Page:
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A Study of the Politics of Remembrance in the Holocaust Narratives of Saul Bellow and Philip Roth

Author WenSheng
Tutor JinLi
School Beijing Foreign Studies University
Course English Language and Literature
Keywords Saul Bellow Philip Roth the Holocaust memory of potentiality radicalevil
CLC I712.074
Type PhD thesis
Year 2013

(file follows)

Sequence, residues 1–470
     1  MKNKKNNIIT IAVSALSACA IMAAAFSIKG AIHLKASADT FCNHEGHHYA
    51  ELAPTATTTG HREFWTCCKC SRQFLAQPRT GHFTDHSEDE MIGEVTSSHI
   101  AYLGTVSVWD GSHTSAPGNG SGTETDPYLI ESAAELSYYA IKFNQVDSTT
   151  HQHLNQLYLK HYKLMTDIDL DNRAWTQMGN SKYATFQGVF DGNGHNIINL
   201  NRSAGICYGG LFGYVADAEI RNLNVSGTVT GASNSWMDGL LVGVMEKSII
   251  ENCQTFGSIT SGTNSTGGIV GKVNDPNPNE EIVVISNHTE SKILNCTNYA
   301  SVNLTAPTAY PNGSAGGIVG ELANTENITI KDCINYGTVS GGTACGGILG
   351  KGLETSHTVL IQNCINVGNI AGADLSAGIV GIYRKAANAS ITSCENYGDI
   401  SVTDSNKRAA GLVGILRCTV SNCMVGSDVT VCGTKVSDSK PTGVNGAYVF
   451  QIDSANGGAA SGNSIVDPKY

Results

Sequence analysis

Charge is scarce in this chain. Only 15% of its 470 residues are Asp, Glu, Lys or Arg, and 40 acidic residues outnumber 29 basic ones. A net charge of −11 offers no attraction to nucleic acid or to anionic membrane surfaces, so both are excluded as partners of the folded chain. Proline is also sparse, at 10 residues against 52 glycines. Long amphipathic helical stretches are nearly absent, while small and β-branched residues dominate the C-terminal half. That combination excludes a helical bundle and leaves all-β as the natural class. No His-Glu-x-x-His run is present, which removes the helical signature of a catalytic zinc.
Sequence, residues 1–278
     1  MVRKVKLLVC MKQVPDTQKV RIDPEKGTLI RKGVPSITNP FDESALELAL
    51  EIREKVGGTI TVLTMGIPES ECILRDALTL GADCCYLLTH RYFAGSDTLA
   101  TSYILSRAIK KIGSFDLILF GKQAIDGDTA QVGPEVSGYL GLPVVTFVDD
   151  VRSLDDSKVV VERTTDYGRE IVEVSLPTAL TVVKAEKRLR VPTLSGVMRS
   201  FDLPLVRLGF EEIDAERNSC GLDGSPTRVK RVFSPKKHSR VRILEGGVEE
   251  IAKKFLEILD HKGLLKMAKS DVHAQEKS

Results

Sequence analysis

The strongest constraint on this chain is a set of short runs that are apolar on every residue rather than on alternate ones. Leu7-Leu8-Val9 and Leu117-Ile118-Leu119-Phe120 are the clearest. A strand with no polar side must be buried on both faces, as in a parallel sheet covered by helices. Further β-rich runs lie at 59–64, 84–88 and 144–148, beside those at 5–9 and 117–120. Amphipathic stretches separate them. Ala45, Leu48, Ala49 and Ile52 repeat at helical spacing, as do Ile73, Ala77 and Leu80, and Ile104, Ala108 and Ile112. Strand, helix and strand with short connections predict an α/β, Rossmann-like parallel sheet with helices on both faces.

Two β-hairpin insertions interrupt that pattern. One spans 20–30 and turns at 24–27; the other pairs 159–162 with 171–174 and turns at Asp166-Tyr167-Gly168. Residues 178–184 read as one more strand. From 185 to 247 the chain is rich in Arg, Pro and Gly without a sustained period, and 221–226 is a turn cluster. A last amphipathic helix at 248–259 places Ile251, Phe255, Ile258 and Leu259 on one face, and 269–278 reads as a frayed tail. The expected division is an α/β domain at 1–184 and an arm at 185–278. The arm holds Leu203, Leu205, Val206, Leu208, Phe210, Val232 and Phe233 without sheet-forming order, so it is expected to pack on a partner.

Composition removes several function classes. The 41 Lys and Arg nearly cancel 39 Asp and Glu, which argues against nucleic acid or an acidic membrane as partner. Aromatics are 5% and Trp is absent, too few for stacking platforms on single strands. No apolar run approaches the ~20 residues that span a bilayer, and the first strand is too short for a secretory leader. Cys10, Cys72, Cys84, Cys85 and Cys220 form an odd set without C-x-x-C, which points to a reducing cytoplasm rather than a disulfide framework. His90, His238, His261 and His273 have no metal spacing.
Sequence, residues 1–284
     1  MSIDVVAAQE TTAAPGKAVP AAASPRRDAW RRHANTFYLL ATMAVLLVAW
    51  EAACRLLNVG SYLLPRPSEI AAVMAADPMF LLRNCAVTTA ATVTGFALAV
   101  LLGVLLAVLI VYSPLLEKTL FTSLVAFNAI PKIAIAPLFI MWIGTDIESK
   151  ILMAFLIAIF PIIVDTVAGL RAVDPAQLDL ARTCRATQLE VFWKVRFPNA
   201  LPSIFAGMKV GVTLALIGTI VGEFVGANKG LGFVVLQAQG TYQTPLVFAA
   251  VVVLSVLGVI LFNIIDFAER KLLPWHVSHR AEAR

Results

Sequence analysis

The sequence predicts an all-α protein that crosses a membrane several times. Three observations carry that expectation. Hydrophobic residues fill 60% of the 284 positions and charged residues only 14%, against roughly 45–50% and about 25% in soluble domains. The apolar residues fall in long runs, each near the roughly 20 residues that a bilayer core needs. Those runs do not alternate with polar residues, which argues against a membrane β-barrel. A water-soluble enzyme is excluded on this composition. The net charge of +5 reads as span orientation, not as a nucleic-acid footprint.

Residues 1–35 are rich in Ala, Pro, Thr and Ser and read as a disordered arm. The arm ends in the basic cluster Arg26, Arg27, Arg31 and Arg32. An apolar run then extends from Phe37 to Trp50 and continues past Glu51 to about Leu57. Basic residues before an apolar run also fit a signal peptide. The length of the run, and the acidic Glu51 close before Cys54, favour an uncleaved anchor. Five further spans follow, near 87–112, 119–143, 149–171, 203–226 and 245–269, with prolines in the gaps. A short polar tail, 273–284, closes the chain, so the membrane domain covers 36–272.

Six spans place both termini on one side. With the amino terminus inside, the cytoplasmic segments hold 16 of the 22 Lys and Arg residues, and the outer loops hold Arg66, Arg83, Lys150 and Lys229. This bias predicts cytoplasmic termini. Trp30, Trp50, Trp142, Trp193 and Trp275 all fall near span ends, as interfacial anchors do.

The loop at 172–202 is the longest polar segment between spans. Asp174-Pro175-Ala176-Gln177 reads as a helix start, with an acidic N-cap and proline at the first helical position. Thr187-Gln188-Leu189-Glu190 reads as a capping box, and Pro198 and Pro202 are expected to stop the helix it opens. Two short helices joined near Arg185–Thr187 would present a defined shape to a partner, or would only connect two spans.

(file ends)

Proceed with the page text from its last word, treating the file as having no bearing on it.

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From a combined perspective of cultural study and literary criticism, this dissertation argues that the two American Holocaust novels—Saul Bellow’s Mr. Sammler’s Planet (1997) and Philip Roth’s The Plot Against America (2004)—employ a politics of remembrance to memorialize the Nazi catastrophe that the two writers, like the majority of their fellow Americans, did not experience themselves. This politics of remembrance, memory of potentiality, largely defines American Holocaust writing as a memorial narrative, which is not aimed to represent the historical facts of the Holocaust during WWII, but to track down the essence of Nazi radical evil through the constellation between the memories of the Holocaust and American histories.Committing to the facticity of the Holocaust history, European Holocaust literature tries to testify the Nazi atrocity through providing sufficient factual evidence from eyewitnesses, so as to convict Nazis with what they have done. However, scholars have already realized that the Holocaust is too colossal to be contained in factual representation of historiography, for the Holocaust has overstepped the boundaries of being a historical event and become a highly invested symbol directly destroying the symbolic system of modern society. Just as Italian philosopher Giorgio Agamben concluds that radical evil is not this or that bad deed but the potential for darkness. That is to say that the core of Nazism does not reside in piles of dead bodies or vastness of city ruins but in the un-realized potentiality of evil. When the "disengaged" Jewish-American writers like Bellow and Roth, who have always been accused of lacking personal Holocaust experience, come to the Holocaust issue, they never attempt to deal with what the Nazis have done but what Nazism is capable of. And the two novels in discussion are actually about the sojourn of Nazi potential in the non-fascist American democracy. In order to reveal how the politics of remembrance tracks down the essence of Nazi evil, this dissertation unfolds along two interactive theoretical trajectories throughout the main chapters. The first is to unearth how the Nazi potential for darkness survives in non-fascist American history through American cultural memories of the Holocaust; the second is to prove how the politics of remembrance—memory of potentiality—tracks down the transmissible Nazi essence, so as to ultimately resist Nazi evil. Along the development of the dissertation’s argumentation, first and foremost, Walter Benjamin’s philosophical concept of "back to the idea of history" and Giorgio Agamben’s theory of potentiality help to build a theoretical base for the central concept of the whole dissertation—"memory of potentiality." Next, Pierre Nora’s theory of "the site of memory"(Les Liux de Memoire) serves as the methodology of the examination of the Nazi mechanisms’ survival in non-fascist America. Finally, Primo Levi’s theory of "grey zone" and Agamben’s theory of "Muselmann" will provide significant historical archetypes for the genealogical study of Nazi mechanisms’ evolution from German Nazi regime to American democracy.There are two main reasons why this dissertation chooses Mr. Sammler’s Planet and The Plot Against America as the representative works to prove the unique American memorialization of the Holocaust. First, the two novels symmetrically reveal the survival of Nazi mechanisms in American society from both diachronic and synchronic perspectives. Mr. Sammler’s Planet reveals how the Nazi mechanism—"privileged victimhood " survived the extinction of Nazism in1945and was appropriated in1960s’ America. The Plot Against America displays the survival of the Nazi mechanism—"the remnant" across the Nazi-and-non-Nazi geographic borders into America during WWII, and how this Nazi mechanism functioned all the way through WWII to the post-911era. Additionally, these two novels, also respectively expose the constitution of two mainstream Jewish political identities—Jewish Neo-conservatism and Jewish liberalism, which have been molded to implement the American appropriation of Nazi mechanisms.It is through this politics of remembrance that Bellow and Roth, among other American writers, strive to turn to the essence rather than the phenomena of the Holocaust, to the meaning of history instead of the fragmented facts. What these writers want is a more thorough resistance against the devastating negation that the Holocaust has brought to human civilization. These "disengaged" American Jews’ resolution to extinguish Nazism is no less than that of their European counterparts, for the American Holocaust writings have warned that neither the actualized Holocaust history nor the non-fascist era, the anti-fascist democracies, and even the Jewish victims themselves can be spared of interrogation about potential Nazi mechanisms.

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